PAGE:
Example Chlorine gas obtained by electrolysis of an aqueous sodium chloride solution and containing 30 mg./cubic meter of sodium chloride in form of very fine droplets of brine and 40 mg./cubic meter of organic chlorine com- 2,910,140 Patented Oct. 27, 71959 pounds besides varying amounts of water vapor is passed at a rate of 300 cubic meter/hour at a temperature of vapor content of the chlorine is reduced to about 15 g./ cubic meter, the organic chlorine compounds to about 30 mg./cubic meter and the brine droplets to about 10 mg. of NaCl/cubic meter.

In the second step, the chlorine gas is washed by means of concentrated sulfuric acid, whereby the water content of the chlorine gas is eliminated and the droplets of brine are converted to sodium chloride crystals. The chlorine gas containing the sodium chloride crystals in form of a very fine dust is passed through polyvinylchloride filter tubes whereby the sodium chloride is filtered from the gas which after this second purification step contains only organic chlorine compounds as impurities. The tube filter consists of a cylindrical vessel of a height of approximately 5 meters and a width of 2.3 meters. In the cylindrical vessel there are arranged 73 filter bags consisting of polyvinyl chloride fabric or glass fabric and each of a length of 4 meters and a width of 0.22 meter depending from a perforated plate in the upper part of said vessel.

The chlorine gas is then subjected to a third purification step by passing it through a vessel containing about kg. of active carbon which is saturated with chlorine. The chlorine gas leaving the active carbon filter is substantially, free from organic chlorine compounds and any other impurities. The active carbon loses its absorption capacity only after some months and is then replaced or regenerated. The saturation of the active carbon with chlorine is carefully performed by passing 100 to liters of chlorine gas during one hour into 100 kg. of active carbon at a temperature of l618 C. for a period of about 25 to 30 hours.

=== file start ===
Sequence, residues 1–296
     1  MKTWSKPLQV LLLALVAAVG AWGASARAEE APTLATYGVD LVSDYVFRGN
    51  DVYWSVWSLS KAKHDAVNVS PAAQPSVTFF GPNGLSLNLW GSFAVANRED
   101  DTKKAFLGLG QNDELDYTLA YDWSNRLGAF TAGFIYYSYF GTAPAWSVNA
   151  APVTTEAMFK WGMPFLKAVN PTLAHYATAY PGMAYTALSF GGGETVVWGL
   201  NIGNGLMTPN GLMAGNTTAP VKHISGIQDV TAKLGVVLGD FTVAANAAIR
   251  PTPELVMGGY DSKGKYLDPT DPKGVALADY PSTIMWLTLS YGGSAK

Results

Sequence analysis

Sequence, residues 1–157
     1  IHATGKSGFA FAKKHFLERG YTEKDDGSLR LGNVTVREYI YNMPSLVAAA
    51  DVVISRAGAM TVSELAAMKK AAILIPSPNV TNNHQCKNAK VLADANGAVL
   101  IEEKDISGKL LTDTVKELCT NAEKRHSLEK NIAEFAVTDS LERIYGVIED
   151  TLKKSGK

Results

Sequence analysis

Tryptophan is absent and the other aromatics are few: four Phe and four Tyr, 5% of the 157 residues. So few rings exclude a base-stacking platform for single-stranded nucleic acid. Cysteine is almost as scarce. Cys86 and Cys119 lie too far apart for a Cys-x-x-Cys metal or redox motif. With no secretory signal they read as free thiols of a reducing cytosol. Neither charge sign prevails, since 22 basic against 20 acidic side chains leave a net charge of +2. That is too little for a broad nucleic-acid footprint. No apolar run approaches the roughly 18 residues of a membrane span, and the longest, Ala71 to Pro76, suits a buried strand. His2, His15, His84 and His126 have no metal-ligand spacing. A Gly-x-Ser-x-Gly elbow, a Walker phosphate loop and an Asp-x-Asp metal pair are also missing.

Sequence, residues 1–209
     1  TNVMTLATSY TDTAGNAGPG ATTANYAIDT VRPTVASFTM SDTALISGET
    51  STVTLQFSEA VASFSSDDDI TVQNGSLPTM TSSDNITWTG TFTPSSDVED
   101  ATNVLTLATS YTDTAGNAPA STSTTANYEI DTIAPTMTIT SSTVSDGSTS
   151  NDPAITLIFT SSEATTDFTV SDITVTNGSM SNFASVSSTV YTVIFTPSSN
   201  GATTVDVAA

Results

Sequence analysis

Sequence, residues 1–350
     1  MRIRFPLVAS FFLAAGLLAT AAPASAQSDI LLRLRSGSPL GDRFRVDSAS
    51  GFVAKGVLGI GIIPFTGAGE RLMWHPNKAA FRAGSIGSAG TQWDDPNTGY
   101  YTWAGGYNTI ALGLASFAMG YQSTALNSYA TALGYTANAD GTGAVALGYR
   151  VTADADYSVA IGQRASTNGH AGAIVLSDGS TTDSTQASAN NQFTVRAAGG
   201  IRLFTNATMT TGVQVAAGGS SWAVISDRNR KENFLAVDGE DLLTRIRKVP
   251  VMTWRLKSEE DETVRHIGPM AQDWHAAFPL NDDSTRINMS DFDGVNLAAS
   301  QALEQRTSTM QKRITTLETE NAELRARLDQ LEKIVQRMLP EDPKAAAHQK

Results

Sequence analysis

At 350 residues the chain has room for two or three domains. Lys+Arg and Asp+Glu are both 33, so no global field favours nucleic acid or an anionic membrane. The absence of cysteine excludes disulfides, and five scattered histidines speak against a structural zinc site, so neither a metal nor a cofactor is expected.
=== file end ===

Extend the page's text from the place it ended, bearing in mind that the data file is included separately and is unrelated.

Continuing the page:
We claim:

1. In the process of purifying chlorine gas produced by the electrolysis of an aqueous solution of an alkali metal chloride the improvement which comprises washing, cooling, drying and, removing solid particle material from the chlorine gas and thereafter removing from the gas organic chlorine compounds formed during the electrolysis of the alkali metal chloride by passing the chlorine gas through active carbon which has been saturated with chlorine at a temperature between about 33 and about 65 C.

2. In the process of purifying chlorine gas produced by the electrolysis of an aqueous solution of an alkaliv References Cited in the file of this patent UNITED STATES PATENTS 2,542,961 Johnson et al. Feb. 20, 1951 2,750,002 Hooker et al June 12, 1956 2,800,197 Wynkoop July 23, 1957 OTHER REFERENCES Adsorption, by c. L. Mantell, McGraw-Hill Book Co., New York, 1945, page 12.

Patent Citations
Cited PatentFiling datePublication dateApplicantTitle
US2542961 *Nov 8, 1948Feb 20, 1951Shell DevChlorine production
US2750002 *Nov 24, 1953Jun 12, 1956Hooker Electrochemical CoMethod for chlorine recovery
US2800197 *Dec 9, 1955Jul 23, 1957Nat Distillers Chem CorpChlorine recovery
Referenced by
Citing PatentFiling datePublication dateApplicantTitle
US3337302 *Nov 23, 1964Aug 22, 1967Shell Oil CoDesulfurization of chlorine
US3522007 *Nov 18, 1968Jul 28, 1970Dow Chemical CoPurification of chlorine
US3534562 *Apr 14, 1967Oct 20, 1970Koninklujke Nl Zout Ind NvMethod of liquefying gaseous chlorine containing water vapour
US4541907 *Apr 16, 1984Sep 17, 1985Aluminum Company Of AmericaProcess for decomposing chlorinated hydrocarbon compounds
US5296017 *May 27, 1992Mar 22, 1994Mitsui Toatsu Chemicals, Inc.Method and apparatus for concentrating chlorine gas
Classifications
U.S. Classification95/92, 95/231, 95/142, 95/214, 95/223
International ClassificationC01B7/07, C01B7/00
Cooperative ClassificationC01B7/0743
European ClassificationC01B7/07D